Among the major mountain ranges in the U.S. are the Rockies, the Cascades, the Sierra Nevada and the Appalachians. Among these, only the Appalachians and their sub-ranges lie east of the Mississippi River, which roughly bisects the contiguous 48 states. Although the highest peaks here are far more modest than their counterparts to the west, some of the highest peaks east of the Mississippi boast unique stories and historical notoriety of their own.
Mount Mitchell and the Black Mountains
Mount Mitchell in western North Carolina rises to 6,684 feet above sea level, making it the tallest mountain in the east. Because of its high altitude, its fauna and flora are similar to those in higher regions to the north, such as Canada. Common trees include red spruce, fire cherry, yellow birch, mountain ash and mountain maple; birds such as winter wrens, slate-colored juncos, red crossbills and golden-crowned kinglets make their home there.
Mount Mitchell is part of the Black Mountains, which were formed over a billion years ago and feature six of the 10 tallest mountains east of the Mississippi. One of these is Mount Craig, second only to Mount Mitchell in this regard.
Clingmans Dome and the Smoky Mountains
At 6,643 feet, Clingmans Dome is the third-highest mountain east of the Mississippi, behind only Mount Mitchell and Mount Craig. Located in Tennessee in the Great Smoky Mountains National Park, its summit temperatures can be 10 to 20 degrees Fahrenheit cooler than in the surrounding lowlands. Because the dome is very cool and wet, the spruce-fir forest there is classified as a coniferous rainforest ecosystem. As of 2014, the balsam woolly adelgid pest was slowly destroying this forest.
Elsewhere in the Smokies, Mount Guyot and Mount LeConte also rise over 6,400 feet.
Richland Balsam and the Great Balsam Mountains
The 6,410-foot-high Richland Balsam in North Carolina is the 10th-highest peak east of the Mississippi. As is happening on other high mountains in the southeast, the fir forests are under siege by the balsam woolly adelgid, accidentally introduced to the U.S. in the early 1900s and to the Great Balsams in the 1970s. The igneous, metamorphic and sedimentary rocks that form this and the surrounding mountains range in age from about 500 million years to about one billion years and are rich in feldspar, mica and quartz.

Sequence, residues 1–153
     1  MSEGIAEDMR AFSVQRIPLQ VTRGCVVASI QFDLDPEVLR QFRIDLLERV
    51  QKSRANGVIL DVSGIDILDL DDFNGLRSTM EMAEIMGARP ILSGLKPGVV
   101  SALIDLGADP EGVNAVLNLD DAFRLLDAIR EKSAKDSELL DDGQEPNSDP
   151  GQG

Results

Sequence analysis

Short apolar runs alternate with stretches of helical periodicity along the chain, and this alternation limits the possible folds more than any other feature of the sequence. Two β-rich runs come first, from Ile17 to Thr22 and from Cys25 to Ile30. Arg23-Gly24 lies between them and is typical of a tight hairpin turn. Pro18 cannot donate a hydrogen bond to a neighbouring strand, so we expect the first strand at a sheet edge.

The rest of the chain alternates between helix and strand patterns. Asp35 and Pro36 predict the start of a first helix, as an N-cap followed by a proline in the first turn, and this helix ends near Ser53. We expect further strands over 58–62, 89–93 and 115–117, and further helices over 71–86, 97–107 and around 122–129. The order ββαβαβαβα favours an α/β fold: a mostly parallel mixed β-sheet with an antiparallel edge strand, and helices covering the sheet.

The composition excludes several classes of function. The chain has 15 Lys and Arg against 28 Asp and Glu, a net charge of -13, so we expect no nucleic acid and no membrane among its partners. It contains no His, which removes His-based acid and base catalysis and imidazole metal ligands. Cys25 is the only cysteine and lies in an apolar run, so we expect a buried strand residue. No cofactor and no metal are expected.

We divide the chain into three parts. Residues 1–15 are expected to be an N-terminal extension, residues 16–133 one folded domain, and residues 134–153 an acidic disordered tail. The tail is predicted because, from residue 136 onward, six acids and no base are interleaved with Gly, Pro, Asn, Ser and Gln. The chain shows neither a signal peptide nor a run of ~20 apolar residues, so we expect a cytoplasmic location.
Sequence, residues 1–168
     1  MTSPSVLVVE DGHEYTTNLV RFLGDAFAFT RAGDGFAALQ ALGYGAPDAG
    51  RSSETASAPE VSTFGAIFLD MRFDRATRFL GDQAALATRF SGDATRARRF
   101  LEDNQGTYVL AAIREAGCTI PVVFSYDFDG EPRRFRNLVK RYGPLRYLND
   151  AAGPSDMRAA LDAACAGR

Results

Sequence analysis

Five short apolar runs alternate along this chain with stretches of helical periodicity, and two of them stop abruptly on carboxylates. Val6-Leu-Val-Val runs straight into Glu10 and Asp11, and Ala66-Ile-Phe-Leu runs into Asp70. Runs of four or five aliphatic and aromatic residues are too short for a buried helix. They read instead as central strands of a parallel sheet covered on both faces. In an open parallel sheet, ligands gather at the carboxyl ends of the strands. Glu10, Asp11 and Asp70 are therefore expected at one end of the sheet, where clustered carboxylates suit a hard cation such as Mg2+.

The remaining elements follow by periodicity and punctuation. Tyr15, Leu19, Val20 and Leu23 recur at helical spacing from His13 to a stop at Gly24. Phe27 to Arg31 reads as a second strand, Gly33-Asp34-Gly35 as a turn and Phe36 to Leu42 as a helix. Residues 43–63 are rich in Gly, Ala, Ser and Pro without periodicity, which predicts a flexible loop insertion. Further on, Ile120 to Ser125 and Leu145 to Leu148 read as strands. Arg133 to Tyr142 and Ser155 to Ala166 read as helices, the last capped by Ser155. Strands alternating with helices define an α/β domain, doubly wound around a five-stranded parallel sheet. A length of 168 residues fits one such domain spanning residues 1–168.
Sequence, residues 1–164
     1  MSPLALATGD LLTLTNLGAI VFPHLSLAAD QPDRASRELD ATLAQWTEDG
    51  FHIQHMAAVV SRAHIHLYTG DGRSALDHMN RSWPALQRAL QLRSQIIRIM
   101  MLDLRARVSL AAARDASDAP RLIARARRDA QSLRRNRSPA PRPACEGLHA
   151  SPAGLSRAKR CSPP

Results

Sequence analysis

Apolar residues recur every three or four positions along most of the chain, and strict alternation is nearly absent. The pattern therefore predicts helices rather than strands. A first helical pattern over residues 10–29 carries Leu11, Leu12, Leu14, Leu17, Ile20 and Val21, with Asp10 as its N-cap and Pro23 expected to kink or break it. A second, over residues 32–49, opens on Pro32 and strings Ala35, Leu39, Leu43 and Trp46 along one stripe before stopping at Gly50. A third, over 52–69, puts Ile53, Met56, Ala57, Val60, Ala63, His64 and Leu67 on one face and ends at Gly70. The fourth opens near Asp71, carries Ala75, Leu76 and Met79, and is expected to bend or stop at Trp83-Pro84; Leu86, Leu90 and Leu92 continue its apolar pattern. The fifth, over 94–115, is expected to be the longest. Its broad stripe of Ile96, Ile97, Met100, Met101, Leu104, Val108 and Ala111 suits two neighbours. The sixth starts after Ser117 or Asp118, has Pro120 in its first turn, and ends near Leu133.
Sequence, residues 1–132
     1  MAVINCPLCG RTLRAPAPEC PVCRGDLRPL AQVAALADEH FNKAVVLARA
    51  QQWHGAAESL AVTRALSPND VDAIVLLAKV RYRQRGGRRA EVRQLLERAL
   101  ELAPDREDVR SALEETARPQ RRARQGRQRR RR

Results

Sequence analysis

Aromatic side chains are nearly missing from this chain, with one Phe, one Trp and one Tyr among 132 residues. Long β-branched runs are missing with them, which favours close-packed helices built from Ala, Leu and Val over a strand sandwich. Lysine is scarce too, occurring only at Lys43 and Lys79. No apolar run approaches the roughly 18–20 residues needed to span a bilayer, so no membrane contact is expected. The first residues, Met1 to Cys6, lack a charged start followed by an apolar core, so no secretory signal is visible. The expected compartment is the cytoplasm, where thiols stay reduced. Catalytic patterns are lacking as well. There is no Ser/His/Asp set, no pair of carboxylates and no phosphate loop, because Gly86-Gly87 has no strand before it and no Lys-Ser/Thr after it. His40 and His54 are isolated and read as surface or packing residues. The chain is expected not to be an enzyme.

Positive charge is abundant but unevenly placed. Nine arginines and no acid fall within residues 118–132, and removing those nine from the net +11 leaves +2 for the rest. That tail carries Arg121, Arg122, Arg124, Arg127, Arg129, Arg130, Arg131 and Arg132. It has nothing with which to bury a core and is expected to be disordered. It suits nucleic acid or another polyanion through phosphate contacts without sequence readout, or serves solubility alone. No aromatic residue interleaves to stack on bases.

Mount Washington and the Northeastern Peaks
Mount Washington in the White Mountains of New Hampshire is the only 6,000-footer in the northeast, topping out at 6,288 feet. In addition to its relatively high summit, it's known for its wild weather, including a high recorded wind speed of 231 miles per hour -- the highest measured on Earth until 1996, when a typhoon in Australia reached 253 MPH.
Five other mountains named for presidents rise above 5,000 feet in this vicinity -- Adams, Jefferson, Monroe, Quincy Adams and Madison. All are popular among hikers, often in combination. The White Mountains are younger than their southern Appalachian counterparts, forming from cooling magma between 100 and 124 million years ago.
- Mount Washington Observatory: The Presidential Range
- RomanticAsheville.com: Mount Mitchell, North Carolina
- National Park Service: Great Smoky Mountains -- Clingmans Dome
- RomanticAsheville.com: Richland Balsam Overlook & Hiking Trail, Blue Ridge Parkway
- Mount Washington Observatory: Mount Washington World Record Wind Toppled
- NOAA: Ocean Explorer: Geological Origin of the New England Seamount Chain
- Photo Credit dmfoss/iStock/Getty Images
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